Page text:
Posted by News Express | 8 December 2015 | 3,557 times
The Federal Executive Council (FEC) at an emergency meeting yesterday approved the Medium Term Expenditure Framework (MTEF) in preparation for the presentation of the 2016 budget.
The meeting, which was presided over by President Muhammadu Buhari, proposed an all-time high expenditure of N6 trillion for the 2016 budget. It also pegged the crude oil price benchmark at an all-time low of $38 per barrel.
The N6 trillion expenditure profile is the highest in the history of the country. It was N4.07 trillion in 2010, N4.22 trillion in 2011; N4.74 trillion in 2012, N4.92 trillion in 2013, N4.6 trillion in 2014 and N5.06 trillion in the current year (including the N574.5 billion approved as supplementary budget).
On the other hand, the crude oil benchmark, at $38 per barrel, is the lowest price used in recent times. It was $62 per barrel in 2011, $67 in 2012, $79 in 2013, $76 in 2014 and $53 per barrel in the current year.
Speaking to State House correspondents after the meeting, the minister of budget and national planning, Senator Udoma Udo Udoma, explained that the federal government pegged the crude oil benchmark at $38 because it considered it to be very conservative because of the uncertainty in crude oil price.
According to him, the federal government is proposing a N6 trillion budget for 2016 – N1 trillion above the 2015 budget, taking into account the just passed supplementary bill by the National Assembly.
The minister noted that the increase in the budget would be spent on capital projects, adding that there is a need to address the infrastructure deficit in the country.
The increase in the budget, according to the minister, will be sourced from increase in non-oil revenues, monies from government agencies and a reduction in recurrent spending. He also hinted that the government may borrow to make up for the increase.
Udoma also revealed that the government expected to generate 2.2 million barrels of crude oil per day, just as he affirmed that the government wanted a prudent and credible budget.
He said: “At today’s Council, the Council approved the Medium Term Expenditure Framework which sets out the policies of government over the next years; it sets out the fundamental economic underpinning of the budget.
“The highlights are as follows: we project and we are working with $38 crude oil price; we consider that to be very conservative but because of the uncertainty, we fell that we should start with a conservative crude oil price.
“We are also working with 2.2 million barrels a day production. It is achievable, particularly because with the passage of the Petroleum Industry Bill ( PIB) – which we are working to achieve, we believe that, that is a modest figure, (and) that we should be able to produce something higher than that.”
Udoma continued: “So next year, we are looking at an expansionist budget; we are looking at a budget that will be N1 trillion more than last year, so we are looking at a budget of about N6 trillion. Last year’s budget, including the supplementary budget, was about N5 trillion, so we are looking at a N6 trillion budget.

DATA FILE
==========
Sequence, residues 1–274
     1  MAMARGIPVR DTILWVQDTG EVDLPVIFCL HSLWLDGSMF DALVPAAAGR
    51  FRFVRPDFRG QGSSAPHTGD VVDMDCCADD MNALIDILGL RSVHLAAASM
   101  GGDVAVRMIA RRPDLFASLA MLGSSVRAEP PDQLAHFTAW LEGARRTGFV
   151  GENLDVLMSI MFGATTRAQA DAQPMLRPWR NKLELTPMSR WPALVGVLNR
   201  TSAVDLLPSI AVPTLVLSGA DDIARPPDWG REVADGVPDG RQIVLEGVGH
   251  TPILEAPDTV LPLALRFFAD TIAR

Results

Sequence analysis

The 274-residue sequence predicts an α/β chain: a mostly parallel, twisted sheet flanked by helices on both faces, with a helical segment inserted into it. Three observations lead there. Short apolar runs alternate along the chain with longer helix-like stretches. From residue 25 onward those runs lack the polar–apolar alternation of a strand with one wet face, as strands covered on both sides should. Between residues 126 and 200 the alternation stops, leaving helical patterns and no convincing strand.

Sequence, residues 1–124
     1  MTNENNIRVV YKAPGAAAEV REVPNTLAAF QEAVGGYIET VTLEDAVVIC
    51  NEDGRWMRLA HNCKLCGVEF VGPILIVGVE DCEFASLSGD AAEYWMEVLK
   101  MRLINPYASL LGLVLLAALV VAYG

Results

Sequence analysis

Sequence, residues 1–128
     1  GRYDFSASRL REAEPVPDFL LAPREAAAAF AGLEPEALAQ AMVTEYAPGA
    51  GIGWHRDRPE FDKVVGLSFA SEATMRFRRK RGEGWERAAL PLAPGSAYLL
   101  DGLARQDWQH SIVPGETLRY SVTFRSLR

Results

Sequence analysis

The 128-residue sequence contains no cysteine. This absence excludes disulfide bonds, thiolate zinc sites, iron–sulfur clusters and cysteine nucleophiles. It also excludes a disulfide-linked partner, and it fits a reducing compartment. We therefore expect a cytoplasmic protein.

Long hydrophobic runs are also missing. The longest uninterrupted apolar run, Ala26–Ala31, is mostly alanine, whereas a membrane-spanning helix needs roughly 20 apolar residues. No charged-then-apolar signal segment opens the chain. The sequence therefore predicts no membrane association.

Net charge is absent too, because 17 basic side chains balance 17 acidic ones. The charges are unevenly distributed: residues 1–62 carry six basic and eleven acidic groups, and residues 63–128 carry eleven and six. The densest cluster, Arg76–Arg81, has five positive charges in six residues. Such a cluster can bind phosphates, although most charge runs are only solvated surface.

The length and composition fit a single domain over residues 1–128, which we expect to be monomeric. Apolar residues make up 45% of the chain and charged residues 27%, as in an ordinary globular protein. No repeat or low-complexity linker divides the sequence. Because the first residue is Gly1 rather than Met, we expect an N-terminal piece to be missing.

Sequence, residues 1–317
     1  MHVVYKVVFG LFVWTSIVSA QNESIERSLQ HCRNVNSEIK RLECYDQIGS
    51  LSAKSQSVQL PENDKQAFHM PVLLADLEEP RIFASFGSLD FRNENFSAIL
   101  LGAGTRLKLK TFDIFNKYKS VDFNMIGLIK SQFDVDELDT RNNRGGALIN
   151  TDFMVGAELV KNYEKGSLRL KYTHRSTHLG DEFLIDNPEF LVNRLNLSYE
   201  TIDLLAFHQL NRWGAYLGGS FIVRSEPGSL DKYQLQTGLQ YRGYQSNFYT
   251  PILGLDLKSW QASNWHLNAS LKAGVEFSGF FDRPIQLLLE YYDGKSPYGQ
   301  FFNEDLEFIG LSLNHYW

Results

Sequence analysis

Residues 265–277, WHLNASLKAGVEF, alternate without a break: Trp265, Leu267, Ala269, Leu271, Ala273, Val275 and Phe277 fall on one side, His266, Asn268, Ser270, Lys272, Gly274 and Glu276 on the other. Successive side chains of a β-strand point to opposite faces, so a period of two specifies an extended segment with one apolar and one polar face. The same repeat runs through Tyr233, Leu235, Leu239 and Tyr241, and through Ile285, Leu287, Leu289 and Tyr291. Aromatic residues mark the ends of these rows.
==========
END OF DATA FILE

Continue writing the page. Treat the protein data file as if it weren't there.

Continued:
“All the increases actually will be spent on capital (goods), because there is the need to increase the capital because of the infrastructure issues that we have to address.
“We will get the funding from two sources. We are looking at trying to increasing our non-oil revenue; we are looking at trying to get more money from the various government agencies, policing their collection and trying to get more money from them. We will also look at keeping down our recurrent budget; that means we are looking at savings that we can make from overheads.
“We will look at the efficiencies from our revenue collecting agencies – like the FIRS, in terms of company income tax, in terms of VAT, and then the difference we will have to borrow. But the level of borrowing that we anticipate and we are projecting will be well within the maximum that we allow, which is 3% of the GDP, because we want a prudent budget, we want a credible budget, so we are working on that now.”
The minister further explained that, flowing from this, the MTEF will be submitted to the National Assembly lawmakers, and the executive expects a feedback from them. Thereafter, the executive will be working to try and get the budget finalised, and when the budget is finalised, then Nigerians will get to know the details of what the government intends to do.
On the exchange rate, he said: “We are working on the exchange rate that the Central Bank of Nigeria has given us; that is the rate we are working on.”
On the whether oil subsidy will be retained in the 2016 budget, he stated that the government was looking into the matter.
The national planning minister also contended that the government was projecting almost 30% capital projects, up from the 15% or so that it is currently.
“We are projecting about 30% (capital expenditure). We will try and reduce overheads, but keep personnel cost. We are not going to adjust it by much, but we are expecting some savings from the IPPIS system which we are using. So we are not cutting anybody’s salary; everybody will get their salaries.” (LEADERSHIP)
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